And unfortunately in movies, not all views of a character are full-frontal shots.

There are options to detect side “profile” of faces.

So potentially, it’s possible to combine that with the data of frontal shots but that wasn’t done yet as part of this analysis.

Issue of diversity and representationThis was briefly mentioned above under the discussion on Ozu’s movie analysis.

The lack of diversity in training data sets are an on-going topic of discussion and our skewed results here might be attributed to that same challenge.

In order to verify that the lack of faces detected in Ozu’s film was related to its mainly Asian cast, I ran a small test.

An Elaboration on Diversity with Crazy Rich AsiansOne theory as to why the cast number is so low for Ozu’s movies is that all the cast members are Asian.

If the training data of the face_recognition did not have enough Asian faces, it’s possible that it the package won’t be able to recognize those faces.

There is the other possibility that Ozu’s movies are older and thus, of lower quality.

A quick way to test this was to use a recent movie with plenty of Asian cast members to detect.

“Crazy Rich Asians” was a simple choice that immediately came to mind.

When we ran the same script for “Crazy Rich Asians”, it only detected 3 unique faces, which was clearly wrong.

Even funnier is who it recognized as unique faces:Two out of the three faces that were detected were the two white actors at the very beginning of the movie.

Both of whom appear for about 30 seconds in the whole movie.

The evidence seemed pretty clear at this point and it’s here that I learned another important lesson: read the documentation thoroughly.

Found in one of the FAQ sections of the face_recognition github: https://github.

com/ageitgey/face_recognition/wiki/Face-Recognition-Accuracy-ProblemsQuestion:Face recognition works well with European individuals, but overall accuracy islower with Asian individuals.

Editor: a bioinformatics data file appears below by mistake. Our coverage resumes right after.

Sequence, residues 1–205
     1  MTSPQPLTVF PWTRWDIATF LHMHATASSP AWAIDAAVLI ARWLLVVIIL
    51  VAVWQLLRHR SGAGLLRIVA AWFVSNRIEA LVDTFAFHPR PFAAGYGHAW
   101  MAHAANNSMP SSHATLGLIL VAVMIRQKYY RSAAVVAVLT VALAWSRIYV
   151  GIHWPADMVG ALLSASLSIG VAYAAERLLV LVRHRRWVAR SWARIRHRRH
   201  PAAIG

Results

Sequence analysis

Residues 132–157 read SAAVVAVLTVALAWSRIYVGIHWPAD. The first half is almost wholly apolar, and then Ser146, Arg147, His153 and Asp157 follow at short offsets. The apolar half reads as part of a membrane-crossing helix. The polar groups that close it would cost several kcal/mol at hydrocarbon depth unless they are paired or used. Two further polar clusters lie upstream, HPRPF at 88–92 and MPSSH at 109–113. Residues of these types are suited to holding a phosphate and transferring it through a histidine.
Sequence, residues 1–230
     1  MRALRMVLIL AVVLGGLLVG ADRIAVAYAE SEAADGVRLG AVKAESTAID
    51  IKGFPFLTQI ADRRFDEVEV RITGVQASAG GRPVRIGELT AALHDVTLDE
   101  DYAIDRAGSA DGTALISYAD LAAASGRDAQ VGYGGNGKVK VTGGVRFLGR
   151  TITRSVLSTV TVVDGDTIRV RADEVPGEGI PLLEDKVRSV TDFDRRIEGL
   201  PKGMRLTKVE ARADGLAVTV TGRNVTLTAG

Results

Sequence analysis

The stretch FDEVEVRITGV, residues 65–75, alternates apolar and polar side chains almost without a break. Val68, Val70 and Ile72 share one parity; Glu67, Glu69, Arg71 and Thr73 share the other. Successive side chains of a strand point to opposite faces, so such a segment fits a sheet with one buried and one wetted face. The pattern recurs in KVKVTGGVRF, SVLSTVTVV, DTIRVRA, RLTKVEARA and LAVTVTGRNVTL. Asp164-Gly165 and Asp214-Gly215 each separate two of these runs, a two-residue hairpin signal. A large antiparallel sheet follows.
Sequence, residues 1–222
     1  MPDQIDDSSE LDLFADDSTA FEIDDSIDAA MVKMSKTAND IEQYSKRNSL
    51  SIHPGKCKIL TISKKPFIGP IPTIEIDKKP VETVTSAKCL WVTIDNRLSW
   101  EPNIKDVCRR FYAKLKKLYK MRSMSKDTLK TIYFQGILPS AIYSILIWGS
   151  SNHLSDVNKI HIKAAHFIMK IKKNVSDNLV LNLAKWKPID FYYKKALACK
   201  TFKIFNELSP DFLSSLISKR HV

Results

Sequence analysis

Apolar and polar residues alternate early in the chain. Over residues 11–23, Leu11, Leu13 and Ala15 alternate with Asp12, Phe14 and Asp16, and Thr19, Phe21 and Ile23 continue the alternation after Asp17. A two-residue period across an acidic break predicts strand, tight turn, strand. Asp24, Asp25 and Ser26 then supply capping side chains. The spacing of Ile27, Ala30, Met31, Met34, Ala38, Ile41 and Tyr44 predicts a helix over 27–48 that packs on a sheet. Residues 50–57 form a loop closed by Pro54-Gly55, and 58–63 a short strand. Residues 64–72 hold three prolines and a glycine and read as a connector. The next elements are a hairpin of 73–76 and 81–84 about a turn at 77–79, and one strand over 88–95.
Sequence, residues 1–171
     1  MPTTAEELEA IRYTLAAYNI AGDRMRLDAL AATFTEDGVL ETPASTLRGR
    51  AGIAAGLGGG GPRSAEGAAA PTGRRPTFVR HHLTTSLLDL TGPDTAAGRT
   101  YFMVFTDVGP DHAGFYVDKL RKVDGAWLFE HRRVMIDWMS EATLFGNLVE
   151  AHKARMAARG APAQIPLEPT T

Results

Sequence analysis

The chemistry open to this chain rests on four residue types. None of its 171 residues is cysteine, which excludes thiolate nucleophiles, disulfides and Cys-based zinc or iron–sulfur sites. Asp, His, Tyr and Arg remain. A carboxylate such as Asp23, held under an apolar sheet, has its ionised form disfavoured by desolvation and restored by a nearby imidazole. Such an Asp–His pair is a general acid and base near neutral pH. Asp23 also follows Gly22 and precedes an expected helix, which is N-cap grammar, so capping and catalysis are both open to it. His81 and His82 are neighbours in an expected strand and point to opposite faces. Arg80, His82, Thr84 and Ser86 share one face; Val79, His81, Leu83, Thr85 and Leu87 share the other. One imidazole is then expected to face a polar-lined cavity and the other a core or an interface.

“This is a real problem.

The face recognition model is only as good as thetraining data.

Since the face recognition model was trained using publicdatasets built pictures scraped from websites (celebrities, etc),it only works as well as the source data.

Those public datasets are not evenlydistributed amongst all individuals from all countries.

I hope to improve this in the future, but it requires building a dataset ofmillions of pictures of millions of people from lots of different places.

Ifyou have access to this kind of data and are willing to share it for modeltraining, please email me.

”Next StepsThis was a fun exercise to familiarize myself with two new tools: PySceneDetect and face_recognition.

I was satisfied enough with how PySceneDetect was able to extract each scene so I can see myself continuing to use this tool in the future.

face_recognition on the other hand, did not perform up to expectations.

I will be searching for a better face detection tool in the future and would recommend others to do the same.

Some of the most helpful lessons were actually the challenges elaborated above.

It’s likely that we will consistently run into those challenges again no matter what film technique or data we try to extract.

There are several options for future exploration based on this study:Use other face detection packages and compare their performanceSupplement frontal face detection with profile face detection for higher accuracyOne of learnings from how face detection works was that the way an algorithm defines the features of a human face is not necessarily how we, as a person, would define a face.

Taking a similar approach, my next step will most likely be to extract features of a scene from different directors and group them together based stylistic similarities.

Source CodeComing Soon….

 (I’m trying to clean up the code before sharing it on a public github page).. More details